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First cohort of trainee detectives graduate from the Police Now programme

Congratulations to the first ever cohort of detectives trained on the Police Now National Detective Programme, who graduated from the two-year programme on Friday 10 September.

90 officers graduated from the programme, with a ceremony held in Birmingham for those able to attend. The officers were addressed by Deputy Chief Constable of Thames Valley Police and National Police Chief Council lead for Detective Resilience Jason Hoggs, and Detective Chief Superintendent Carolyn Belafonte of Avon and Somerset Police.

DCC Jason Hoggs said “It’s fair to say that policing is an ever-changing environment, we need people who can think differently and can continue to innovate within the policing sector. You’ve all very much been trail blazers and have had a huge influence on detective entry in the police service as a whole. There is no doubt that investigation is at the heart of policing and spending more time as investigators will equip you with the skills you need to be effective in not just the police service but beyond as well. I want to thank you for all you have done and all you continue to do in order to protect the vulnerable and investigate some of the most serious crimes in our society.”

Two officers were presented with awards from representatives at the University of Huddersfield, which delivers the academic aspect of the Police Now programme.

Detective Constable Jessica Shiels from Greater Manchester Police was awarded ‘Best Overall Performance’ for her consistently high standard of work across the programme, delivering carefully researched assignments and demonstrating a clear insight and understanding of the issues covered.

Detective Constable Atia Scrivens of Avon and Somerset Police was awarded ‘Best Impact Assignment’ for her presentation on safeguarding and domestic abuse, demonstrating excellent links between theory and practice and a strong insight into the topic.

Dr Michelle Rogerson, Subject Lead from the Criminology and Policing team at the University, presented the awards. She said “Your success on this programme proves that you are well equipped to lead policing through contemporary and future crime problems. This is more than just a tick box, what you actually have is a methodology for delivering modern professional policing. You have learned when and how to question the way things have always been done, to identify where practice isn’t working and to use the best evidence available to innovate and to lead within your practice. A huge congratulations to you all and good luck in your future careers from all of us at Huddersfield.”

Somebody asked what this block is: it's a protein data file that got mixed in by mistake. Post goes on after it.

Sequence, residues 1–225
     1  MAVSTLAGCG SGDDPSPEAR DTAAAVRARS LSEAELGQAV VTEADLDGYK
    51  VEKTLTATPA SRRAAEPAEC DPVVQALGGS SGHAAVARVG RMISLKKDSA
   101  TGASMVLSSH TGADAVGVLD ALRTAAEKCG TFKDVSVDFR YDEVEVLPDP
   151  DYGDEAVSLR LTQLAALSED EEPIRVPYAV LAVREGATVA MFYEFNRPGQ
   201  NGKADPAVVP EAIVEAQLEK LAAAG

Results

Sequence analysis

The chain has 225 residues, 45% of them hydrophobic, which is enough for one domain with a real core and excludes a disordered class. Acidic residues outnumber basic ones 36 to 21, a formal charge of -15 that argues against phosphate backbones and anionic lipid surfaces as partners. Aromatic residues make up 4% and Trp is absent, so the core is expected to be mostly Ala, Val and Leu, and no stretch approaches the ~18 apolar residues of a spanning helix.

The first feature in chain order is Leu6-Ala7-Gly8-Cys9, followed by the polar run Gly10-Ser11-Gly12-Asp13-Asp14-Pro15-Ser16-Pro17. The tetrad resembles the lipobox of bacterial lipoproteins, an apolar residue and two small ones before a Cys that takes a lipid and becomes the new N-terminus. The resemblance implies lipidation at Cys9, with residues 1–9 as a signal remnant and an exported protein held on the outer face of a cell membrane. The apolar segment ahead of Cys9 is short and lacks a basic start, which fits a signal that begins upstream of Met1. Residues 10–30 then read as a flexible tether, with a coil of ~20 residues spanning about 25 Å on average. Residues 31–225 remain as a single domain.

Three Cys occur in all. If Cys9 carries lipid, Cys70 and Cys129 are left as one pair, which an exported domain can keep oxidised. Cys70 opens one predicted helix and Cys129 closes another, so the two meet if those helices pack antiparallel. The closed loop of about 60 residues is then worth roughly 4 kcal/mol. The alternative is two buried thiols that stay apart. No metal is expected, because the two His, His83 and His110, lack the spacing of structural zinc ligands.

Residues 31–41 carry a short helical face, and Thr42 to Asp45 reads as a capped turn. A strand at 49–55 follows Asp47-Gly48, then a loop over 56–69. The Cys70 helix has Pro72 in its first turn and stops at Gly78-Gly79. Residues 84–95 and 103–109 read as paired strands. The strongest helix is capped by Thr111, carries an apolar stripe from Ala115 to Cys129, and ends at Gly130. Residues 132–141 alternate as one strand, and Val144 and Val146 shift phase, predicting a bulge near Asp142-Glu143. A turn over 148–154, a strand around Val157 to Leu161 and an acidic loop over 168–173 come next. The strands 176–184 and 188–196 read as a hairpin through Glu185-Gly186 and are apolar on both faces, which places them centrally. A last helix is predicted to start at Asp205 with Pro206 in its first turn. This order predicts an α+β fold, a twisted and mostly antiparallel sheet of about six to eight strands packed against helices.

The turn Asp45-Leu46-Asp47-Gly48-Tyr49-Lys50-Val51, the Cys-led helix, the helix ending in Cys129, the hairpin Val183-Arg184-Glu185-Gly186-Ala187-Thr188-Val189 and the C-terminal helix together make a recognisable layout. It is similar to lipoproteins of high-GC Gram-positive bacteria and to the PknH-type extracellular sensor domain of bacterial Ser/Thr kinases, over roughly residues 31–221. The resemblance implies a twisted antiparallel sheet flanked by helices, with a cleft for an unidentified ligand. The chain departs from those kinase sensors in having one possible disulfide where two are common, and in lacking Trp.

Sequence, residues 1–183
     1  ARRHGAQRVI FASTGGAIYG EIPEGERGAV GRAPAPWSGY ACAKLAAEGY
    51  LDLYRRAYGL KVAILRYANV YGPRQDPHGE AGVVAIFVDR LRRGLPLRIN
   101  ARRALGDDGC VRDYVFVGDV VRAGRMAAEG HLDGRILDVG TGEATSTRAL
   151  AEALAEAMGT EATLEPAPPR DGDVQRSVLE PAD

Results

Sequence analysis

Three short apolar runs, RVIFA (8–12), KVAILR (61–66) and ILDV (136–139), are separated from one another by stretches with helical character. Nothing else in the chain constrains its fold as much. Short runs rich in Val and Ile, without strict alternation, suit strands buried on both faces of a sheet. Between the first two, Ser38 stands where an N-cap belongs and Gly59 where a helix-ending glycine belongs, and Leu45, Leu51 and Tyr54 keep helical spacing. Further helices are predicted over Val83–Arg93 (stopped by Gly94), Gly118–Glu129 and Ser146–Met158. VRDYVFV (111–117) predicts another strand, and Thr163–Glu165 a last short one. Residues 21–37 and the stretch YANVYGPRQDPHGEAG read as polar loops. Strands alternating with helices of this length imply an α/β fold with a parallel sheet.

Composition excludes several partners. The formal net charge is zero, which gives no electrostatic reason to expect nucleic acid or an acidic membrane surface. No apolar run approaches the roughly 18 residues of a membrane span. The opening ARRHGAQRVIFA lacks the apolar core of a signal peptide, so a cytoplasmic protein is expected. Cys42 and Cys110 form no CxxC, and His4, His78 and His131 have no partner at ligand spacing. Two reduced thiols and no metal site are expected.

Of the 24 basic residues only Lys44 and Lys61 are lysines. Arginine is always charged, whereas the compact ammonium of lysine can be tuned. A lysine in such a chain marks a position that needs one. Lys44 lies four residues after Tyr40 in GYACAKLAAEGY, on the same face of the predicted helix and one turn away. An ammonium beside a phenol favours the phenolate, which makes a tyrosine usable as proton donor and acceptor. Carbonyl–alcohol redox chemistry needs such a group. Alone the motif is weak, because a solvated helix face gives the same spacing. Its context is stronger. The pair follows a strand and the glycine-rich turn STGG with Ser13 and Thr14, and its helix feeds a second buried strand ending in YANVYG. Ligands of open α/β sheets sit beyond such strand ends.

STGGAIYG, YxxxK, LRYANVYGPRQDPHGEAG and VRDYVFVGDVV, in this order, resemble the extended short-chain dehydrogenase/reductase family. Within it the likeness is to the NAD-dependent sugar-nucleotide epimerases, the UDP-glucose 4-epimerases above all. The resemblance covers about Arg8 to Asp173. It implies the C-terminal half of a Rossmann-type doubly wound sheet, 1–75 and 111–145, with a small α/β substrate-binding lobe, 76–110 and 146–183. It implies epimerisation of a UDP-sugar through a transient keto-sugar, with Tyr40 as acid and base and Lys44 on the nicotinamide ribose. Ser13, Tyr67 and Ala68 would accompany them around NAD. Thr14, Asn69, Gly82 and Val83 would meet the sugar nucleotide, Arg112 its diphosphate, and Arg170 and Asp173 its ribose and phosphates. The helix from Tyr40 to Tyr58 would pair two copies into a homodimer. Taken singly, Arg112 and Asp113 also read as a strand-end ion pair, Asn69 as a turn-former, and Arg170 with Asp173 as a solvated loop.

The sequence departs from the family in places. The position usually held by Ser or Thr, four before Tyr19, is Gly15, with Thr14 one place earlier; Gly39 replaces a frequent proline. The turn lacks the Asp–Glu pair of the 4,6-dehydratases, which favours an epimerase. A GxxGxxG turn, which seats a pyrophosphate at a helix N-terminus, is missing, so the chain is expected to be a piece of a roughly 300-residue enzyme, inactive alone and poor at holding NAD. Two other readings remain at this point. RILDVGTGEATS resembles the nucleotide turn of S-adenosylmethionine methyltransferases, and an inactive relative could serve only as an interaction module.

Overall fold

The National Detective Programme pilot launched in 2019 as a pioneering scheme to assist police services in England and Wales with the recruitment, training and development of detectives in the face of a well-publicised national shortage of investigators. The two-year programme is designed to equip participants with the core policing and leadership skills required in modern investigative work. Throughout the two-year training programme, participants play an integral part in solving crimes while developing their leadership, communication and problem-solving skills.

Police Now’s mission is to transform communities, reduce crime and anti-social behaviour, and increase the public’s confidence in the police service by recruiting, developing and inspiring outstanding and diverse individuals to be leaders in society and on the policing frontline.

The pilot saw 93 Police Now officers deployed across eight police forces, with 61% identifying as female and 10% identifying as Black, Asian or minority ethnic, (56% of whom were female), with 12 unique languages spoken across the cohort – higher than the workforce national average. The diversity of officers recruited for the second cohort of the National Detective Programme in 2020 only increased, with 66% identifying as women and 24% identifying as from a Black, Asian or minority ethnic background (68% of whom identify as women) – across 14 partner forces.

Detective Constable Richard Cooper, Police Now officer at Staffordshire Police, spoke at the event about his experience on the programme. When giving advice about the job, he said: “Expect the unexpected but rise to it. It’s amazing what you can achieve when you’re pushed and when you’re under pressure. I also want to thank the Police Now team who have helped us develop and prepare to deal with serious incidents. The training scenarios created by Police Now throughout academy really equipped us with the knowledge and tools to manage those situations.”

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